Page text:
Growing up, Kareem Ali wanted to be a rocket scientist. The New York native (who now lives in Phoenix) never actually made it into the space program, but his passion for the cosmos remains intact — in fact, it’s at the core of his artistic vision. Future Black Music, We Are Stardust, Black Science… these are just a few of the no less than 47 releases he’s dropped in the past two years, each one mapping out a utopian future in which humanity — and Black people in particular — can finally carve out an existence that’s free of injustice and oppression.
Afrofuturism is Ali’s guiding light, and iconic innovators such as Sun Ra, Herbie Hancock, Larry Heard, Underground Resistance and Drexciya have all shaped his worldview. His first musical love, however, was jazz, and he found an early hero in Miles Davis, whose seminal Kind of Blue LP prompted Ali to pick up the trumpet back in middle school. More than a decade later, he’s still playing, and though he now operates in the electronic music realm, it’s clear that Davis’ iconoclastic spirit has found its way into Ali’s work.
Specializing in forward-thinking, space-age sounds, Ali is a lot more concerned with unleashing his vivid imagination than fitting neatly into any particular genre box. Although late-night gems like “Night Echoes” have garnered the most attention — Pitchfork described it as “deep house at its most hypnotic and emotionally resonant” — his extensive catalog also includes forays into techno, ambient, hip-hop, R&B, garage and even drum & bass. Fueled by a tireless work ethic and a seemingly endless well of creativity, he’s found an audience and captured the attention of not just Pitchfork, but other media outlets like Bandcamp Daily and Rolling Stone, who named his G R O W T H LP one of the Best Albums of 2020. Other artists have also taken notice, as his tracks have been played and charted by the likes of Four Tet, Pete Tong and Bicep, while none other than Caribou tapped Ali to appear on his recent Suddenly Remixes EP.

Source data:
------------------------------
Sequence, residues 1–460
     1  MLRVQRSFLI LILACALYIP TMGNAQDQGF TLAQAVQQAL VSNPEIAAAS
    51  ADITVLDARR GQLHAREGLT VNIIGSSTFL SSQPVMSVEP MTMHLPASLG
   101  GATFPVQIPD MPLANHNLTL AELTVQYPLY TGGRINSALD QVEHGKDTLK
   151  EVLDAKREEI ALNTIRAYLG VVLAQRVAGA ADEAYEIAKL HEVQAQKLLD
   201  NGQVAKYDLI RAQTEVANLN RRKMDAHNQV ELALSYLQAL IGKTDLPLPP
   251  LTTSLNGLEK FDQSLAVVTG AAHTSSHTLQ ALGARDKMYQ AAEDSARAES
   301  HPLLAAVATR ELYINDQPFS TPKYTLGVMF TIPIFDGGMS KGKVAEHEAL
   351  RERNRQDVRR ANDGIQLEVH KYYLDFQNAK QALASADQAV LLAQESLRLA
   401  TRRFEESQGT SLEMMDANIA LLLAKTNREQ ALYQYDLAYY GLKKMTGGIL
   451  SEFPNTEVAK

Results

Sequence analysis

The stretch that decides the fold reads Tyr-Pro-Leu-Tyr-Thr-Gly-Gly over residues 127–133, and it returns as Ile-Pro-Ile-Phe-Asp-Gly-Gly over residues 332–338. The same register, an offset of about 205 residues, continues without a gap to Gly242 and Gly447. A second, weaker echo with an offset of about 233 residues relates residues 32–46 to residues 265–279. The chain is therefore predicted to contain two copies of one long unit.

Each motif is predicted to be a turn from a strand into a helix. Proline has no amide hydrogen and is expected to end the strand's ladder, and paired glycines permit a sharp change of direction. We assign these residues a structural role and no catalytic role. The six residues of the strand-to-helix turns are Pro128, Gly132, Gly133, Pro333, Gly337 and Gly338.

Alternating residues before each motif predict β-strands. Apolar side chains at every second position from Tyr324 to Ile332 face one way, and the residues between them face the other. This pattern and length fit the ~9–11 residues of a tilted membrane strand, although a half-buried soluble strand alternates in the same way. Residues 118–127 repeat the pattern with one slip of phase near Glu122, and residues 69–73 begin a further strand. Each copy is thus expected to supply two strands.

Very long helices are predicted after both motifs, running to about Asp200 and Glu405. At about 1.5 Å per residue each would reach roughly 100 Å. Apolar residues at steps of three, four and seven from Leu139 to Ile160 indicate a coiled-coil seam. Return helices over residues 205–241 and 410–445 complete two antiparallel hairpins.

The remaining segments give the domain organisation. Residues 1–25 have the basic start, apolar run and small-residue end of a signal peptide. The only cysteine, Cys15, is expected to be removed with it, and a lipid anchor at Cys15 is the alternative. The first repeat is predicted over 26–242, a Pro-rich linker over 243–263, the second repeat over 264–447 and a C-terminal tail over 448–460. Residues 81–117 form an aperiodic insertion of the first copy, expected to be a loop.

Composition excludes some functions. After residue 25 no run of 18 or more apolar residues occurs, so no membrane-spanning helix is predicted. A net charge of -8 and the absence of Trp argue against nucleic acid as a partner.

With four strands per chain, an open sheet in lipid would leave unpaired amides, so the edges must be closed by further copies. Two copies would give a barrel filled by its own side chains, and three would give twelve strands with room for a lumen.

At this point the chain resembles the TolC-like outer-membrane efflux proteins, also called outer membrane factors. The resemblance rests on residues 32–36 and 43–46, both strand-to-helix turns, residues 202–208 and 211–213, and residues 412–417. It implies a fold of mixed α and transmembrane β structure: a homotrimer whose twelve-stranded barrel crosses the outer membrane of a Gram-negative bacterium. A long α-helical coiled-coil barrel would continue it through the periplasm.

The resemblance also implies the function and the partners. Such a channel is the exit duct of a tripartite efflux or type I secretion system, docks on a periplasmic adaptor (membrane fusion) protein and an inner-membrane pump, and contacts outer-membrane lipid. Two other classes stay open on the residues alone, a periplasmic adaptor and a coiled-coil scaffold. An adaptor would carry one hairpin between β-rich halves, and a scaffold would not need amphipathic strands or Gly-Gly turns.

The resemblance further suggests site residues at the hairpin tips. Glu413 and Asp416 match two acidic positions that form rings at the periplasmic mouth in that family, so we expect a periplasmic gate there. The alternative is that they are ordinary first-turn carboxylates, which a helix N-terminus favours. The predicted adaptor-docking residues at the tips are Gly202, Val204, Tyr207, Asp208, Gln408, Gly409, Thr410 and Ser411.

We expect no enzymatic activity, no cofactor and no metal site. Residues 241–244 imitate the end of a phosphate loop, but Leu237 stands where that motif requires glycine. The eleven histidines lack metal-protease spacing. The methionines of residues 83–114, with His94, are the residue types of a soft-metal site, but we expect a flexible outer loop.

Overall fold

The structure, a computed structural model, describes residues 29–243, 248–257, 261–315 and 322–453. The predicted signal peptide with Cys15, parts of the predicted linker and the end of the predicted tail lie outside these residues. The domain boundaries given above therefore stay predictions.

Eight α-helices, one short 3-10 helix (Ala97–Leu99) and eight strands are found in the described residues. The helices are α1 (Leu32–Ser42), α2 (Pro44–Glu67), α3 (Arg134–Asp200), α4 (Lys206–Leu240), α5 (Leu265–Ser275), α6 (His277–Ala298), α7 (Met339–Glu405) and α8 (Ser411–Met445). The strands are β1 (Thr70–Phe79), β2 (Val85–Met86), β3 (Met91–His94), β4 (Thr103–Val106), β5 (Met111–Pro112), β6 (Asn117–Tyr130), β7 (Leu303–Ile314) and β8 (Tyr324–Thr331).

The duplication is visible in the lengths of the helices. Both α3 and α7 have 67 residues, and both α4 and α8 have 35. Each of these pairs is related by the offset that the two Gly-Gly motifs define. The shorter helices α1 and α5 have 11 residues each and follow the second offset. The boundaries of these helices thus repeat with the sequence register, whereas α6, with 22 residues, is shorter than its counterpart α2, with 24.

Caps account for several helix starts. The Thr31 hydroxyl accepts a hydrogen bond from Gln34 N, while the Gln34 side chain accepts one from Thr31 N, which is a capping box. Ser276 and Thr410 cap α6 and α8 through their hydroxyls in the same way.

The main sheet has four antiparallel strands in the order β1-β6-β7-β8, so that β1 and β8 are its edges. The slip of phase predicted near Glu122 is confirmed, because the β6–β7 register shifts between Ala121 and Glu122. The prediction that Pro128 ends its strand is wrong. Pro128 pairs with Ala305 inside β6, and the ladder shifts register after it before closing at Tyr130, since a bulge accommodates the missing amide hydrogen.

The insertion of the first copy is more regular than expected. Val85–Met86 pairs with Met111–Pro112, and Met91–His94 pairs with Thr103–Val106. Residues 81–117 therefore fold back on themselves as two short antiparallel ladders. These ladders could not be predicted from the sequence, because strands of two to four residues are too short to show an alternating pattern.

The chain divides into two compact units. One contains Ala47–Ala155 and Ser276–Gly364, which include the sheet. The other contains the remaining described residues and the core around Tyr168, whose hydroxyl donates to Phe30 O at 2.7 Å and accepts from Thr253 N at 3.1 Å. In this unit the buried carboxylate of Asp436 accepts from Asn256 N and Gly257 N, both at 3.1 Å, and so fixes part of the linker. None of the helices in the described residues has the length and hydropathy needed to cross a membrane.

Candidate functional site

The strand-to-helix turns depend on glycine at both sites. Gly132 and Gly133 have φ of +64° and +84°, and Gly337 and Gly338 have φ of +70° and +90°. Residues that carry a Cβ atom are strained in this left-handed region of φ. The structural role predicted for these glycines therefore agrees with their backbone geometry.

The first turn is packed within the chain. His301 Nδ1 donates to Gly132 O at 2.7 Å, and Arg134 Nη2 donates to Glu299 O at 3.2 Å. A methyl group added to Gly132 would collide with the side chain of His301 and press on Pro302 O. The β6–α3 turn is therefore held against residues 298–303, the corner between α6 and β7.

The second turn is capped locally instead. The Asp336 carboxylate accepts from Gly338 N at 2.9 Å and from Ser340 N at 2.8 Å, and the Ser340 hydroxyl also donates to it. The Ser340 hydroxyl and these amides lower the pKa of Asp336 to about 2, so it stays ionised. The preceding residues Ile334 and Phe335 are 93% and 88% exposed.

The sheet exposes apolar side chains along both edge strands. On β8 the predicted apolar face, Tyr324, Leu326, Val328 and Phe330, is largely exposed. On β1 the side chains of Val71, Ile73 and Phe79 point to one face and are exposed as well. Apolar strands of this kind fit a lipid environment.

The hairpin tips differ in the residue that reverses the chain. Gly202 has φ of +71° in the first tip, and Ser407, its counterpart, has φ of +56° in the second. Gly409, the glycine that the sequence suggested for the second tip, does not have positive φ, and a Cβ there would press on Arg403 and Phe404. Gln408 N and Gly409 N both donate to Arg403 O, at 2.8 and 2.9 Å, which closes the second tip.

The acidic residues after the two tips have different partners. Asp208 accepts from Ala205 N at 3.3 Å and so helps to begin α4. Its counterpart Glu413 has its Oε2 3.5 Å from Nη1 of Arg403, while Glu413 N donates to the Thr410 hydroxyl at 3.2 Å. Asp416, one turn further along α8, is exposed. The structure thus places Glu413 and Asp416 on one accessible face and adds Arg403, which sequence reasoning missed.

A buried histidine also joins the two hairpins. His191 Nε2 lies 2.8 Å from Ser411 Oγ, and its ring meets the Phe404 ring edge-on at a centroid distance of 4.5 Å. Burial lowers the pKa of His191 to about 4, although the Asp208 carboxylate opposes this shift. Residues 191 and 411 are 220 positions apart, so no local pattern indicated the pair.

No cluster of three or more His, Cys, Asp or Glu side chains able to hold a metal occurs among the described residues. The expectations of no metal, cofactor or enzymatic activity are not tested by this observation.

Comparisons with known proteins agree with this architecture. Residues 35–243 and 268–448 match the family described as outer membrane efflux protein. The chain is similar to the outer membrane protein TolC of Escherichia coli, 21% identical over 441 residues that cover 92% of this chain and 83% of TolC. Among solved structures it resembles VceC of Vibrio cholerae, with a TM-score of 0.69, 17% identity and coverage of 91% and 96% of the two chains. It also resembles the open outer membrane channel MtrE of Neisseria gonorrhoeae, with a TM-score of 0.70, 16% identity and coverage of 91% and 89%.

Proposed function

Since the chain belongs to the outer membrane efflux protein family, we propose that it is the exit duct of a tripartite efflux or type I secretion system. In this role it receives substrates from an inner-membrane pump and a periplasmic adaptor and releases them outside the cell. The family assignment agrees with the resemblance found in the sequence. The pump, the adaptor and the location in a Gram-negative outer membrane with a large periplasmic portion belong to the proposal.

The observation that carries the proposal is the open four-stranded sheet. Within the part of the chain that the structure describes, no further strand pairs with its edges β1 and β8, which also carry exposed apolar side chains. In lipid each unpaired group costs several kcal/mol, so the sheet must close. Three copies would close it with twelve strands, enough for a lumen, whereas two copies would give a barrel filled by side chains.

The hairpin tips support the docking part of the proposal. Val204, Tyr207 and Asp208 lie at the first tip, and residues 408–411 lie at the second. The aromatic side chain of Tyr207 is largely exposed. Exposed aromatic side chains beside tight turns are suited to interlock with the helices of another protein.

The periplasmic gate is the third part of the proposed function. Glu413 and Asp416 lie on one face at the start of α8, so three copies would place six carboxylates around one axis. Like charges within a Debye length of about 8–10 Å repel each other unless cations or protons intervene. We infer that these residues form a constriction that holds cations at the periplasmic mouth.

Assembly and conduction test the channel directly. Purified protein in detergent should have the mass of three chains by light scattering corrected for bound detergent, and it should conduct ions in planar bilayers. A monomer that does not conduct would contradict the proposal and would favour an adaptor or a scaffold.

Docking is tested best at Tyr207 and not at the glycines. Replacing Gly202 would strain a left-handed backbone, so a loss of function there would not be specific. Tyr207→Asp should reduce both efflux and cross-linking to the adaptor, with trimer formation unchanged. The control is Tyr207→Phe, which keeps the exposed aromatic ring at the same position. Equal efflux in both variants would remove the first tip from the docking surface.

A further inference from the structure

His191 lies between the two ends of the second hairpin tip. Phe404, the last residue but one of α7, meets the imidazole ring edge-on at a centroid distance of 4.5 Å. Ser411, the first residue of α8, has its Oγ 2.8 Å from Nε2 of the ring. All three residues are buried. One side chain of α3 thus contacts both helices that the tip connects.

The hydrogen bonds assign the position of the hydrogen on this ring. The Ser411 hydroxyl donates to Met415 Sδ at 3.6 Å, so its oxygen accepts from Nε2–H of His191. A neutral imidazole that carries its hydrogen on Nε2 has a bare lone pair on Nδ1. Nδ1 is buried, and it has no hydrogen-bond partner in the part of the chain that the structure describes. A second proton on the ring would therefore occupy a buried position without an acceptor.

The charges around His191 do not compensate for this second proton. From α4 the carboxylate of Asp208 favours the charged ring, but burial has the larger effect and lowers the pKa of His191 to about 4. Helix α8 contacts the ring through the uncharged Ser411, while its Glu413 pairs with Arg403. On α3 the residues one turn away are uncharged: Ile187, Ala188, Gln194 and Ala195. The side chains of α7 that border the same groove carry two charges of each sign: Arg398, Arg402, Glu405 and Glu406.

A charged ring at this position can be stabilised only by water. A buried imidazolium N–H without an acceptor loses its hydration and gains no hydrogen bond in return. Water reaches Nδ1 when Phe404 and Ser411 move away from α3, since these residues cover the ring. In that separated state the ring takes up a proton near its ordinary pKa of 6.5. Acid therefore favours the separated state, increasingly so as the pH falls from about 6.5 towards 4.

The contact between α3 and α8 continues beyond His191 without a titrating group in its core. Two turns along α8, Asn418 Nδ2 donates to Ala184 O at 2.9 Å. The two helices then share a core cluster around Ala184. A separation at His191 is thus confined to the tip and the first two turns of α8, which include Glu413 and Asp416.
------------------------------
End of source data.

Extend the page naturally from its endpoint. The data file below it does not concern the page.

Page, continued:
More music is on the way of course, both from Ali and his CosmoFlux label. Having signed with artist development agency One House (home to acts such as Kevin Saunderson, Sherelle and Funkineven) and booking agency William Morris (which represents many of the biggest stars in the world), he’s poised to break big in 2021. In the meantime though, he’ll be grinding at home in the studio, making tracks and looking at the stars.